Head-To-Head IoT Platforms: Amazon Web Services IoT Vs. Microsoft Azure IoT

Internet Of Things Platform Picks

Microsoft and Amazon Web Services are both leading cloud providers, but the Internet of Things requires a bit more than the cloud. On top of Azure and AWS, IoT customers expect a platform that will scale to comply with thousands of connected devices. Customers also want data analytics and direct monitoring services as part of the offerings.

Microsoft, Redmond, Wash., and AWS, Seattle, are racing to provide a secure, end-to-end platform for the Internet of Things. In 2015, Microsoft launched its Azure IoT Hub as an integral part of its Azure IoT suite, and not long after AWS unveiled its AWS IoT platform.

Following is a breakdown of AWS IoT and Azure IoT Hub.

What Do Customers Want From An IoT Platform?

Customers want much more than data collection from an end-to-end Internet of Things platform. Microsoft and AWS' platforms contain different components for collecting, storing and analyzing data – topped by the capability to transfer data in a bi-directional manner.

A successful IoT platform will have various functions, including a software development kit that can be used as firmware in connected devices, device management capabilities, support for multiple standard protocols, security, archiving and large-scale data storage, and the potential for plug-and-play global connectivity (including 3G, 4G and LTE).

Many of these features come to play in the gateway of an IoT solution – which for Microsoft is its Azure IoT Hub, and for AWS its AWS IoT gateway. These two gateways act as the door between the devices and cloud by simplifying the ingestion and communication of data.

Microsoft Gateways: Bi-Directional

Gateways are the hub between how data is transferred from connected devices to the cloud. While Microsoft's Azure IoT Hub gateway and AWS' IoT gateway perform these functions, they do so in different ways.

Microsoft's gateway enables bi-directional communication between devices and the back end of the cloud – meaning that data can travel to and from the cloud. Devices that are IP-capable, using Wi-F or Ethernet, will have two endpoints that interact with Microsoft's gateway to send messages to the cloud as telemetry data, requests for execution and the action of a command.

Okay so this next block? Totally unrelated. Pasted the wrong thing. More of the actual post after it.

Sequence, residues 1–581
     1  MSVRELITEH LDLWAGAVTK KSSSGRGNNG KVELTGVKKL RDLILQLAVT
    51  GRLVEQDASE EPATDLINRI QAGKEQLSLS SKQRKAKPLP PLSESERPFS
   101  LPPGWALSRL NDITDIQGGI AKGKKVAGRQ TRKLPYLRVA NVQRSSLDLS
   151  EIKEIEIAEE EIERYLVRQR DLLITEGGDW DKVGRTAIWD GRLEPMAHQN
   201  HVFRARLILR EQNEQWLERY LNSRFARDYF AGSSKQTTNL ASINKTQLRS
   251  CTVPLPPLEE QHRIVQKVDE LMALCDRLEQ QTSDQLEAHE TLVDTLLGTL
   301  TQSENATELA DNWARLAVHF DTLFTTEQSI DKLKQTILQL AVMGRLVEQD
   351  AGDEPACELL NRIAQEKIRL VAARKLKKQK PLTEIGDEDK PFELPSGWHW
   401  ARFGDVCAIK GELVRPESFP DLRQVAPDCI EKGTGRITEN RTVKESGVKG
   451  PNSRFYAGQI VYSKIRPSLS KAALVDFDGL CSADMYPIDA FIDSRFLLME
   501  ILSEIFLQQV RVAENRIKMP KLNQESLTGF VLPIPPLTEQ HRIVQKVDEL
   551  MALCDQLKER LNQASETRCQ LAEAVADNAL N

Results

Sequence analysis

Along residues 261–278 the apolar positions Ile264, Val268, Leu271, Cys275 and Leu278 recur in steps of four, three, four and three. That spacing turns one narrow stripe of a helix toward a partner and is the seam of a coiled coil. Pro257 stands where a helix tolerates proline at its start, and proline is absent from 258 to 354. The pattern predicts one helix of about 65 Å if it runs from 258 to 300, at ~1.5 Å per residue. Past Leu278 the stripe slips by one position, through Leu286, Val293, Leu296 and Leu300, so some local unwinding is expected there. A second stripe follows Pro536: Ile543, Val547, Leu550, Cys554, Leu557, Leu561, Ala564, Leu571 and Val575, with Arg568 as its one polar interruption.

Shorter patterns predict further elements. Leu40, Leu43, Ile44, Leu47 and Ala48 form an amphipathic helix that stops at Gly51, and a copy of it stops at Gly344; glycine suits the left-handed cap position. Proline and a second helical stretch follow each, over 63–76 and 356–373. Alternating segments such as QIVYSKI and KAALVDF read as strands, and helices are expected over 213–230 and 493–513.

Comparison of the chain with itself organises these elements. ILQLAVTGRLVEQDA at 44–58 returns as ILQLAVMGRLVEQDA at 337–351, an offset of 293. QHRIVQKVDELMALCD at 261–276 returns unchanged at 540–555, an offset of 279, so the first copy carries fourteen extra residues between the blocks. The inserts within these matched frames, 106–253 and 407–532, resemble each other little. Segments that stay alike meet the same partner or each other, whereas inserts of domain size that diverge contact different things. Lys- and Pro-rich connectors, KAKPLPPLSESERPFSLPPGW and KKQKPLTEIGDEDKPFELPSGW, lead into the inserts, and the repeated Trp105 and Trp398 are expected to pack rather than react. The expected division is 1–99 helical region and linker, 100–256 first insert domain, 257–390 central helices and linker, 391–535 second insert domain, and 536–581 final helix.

The Azure IoT Hub also enables endpoints in the cloud so that the back-end system can send messages to devices. These messages are timed so that they will expire in case a device receives a late command that is no longer applicable.

AWS Gateways: Device Rules Engine

AWS gateways also transfer data using a bi-directional, but the company communicates between nodes and applications through a rules engine.

Connected devices using the AWS IoT platform report their state through publishing updates about specific topics to the message broker; which then sends the messages to clients subscribed to specific topics. The states of devices are stored in an AWS "Thing Shadow," which is a JSON document where applications can request changes to the state.

Microsoft Azure IoT Hub: Pricing

While Microsoft's pricing model revolves around to paying for the IoT Hub unit related to the number of devices and messages per day, AWS IoT's pricing model charges for the traffic of messages published from devices and delivered to devices.

Microsoft's Azure IoT Hub offers three editions based on the total amount of data companies will generate: S1, which costs $50 per month, enables up to 400,000 messages a day per unit, while S2, which is $500 per month, enables up to 6 million messages a day per unit. The S3 plan enables up to 300 million messages a day per unit and costs $5,000 per unit. All three pricing plans enable a message meter of 4 KB.

Microsoft also offers a free trial tier allowing companies to transmit a total of 8,000 messages a day, with a message meter of 0.5 KB.

AWS IoT: Pricing

AWS, meanwhile, bases its IoT pricing on a million messages exchanged policy, which means that the total cost depends on publishing messages to and from devices and applications.

For instance, U.S. customers are charged $5 per 1 million messages published to AWS IoT. According to AWS, there is no minimum fee.

Customers can also try out AWS' platform with the free tier that lets them start with 250,000 messages free monthly, for 12 months with no limits on connected devices. AWS IoT also does not charge for deliveries to AWS services such as Lambda, S3 and Kinesis.

Azure IoT Hub: Identity Registry And Monitoring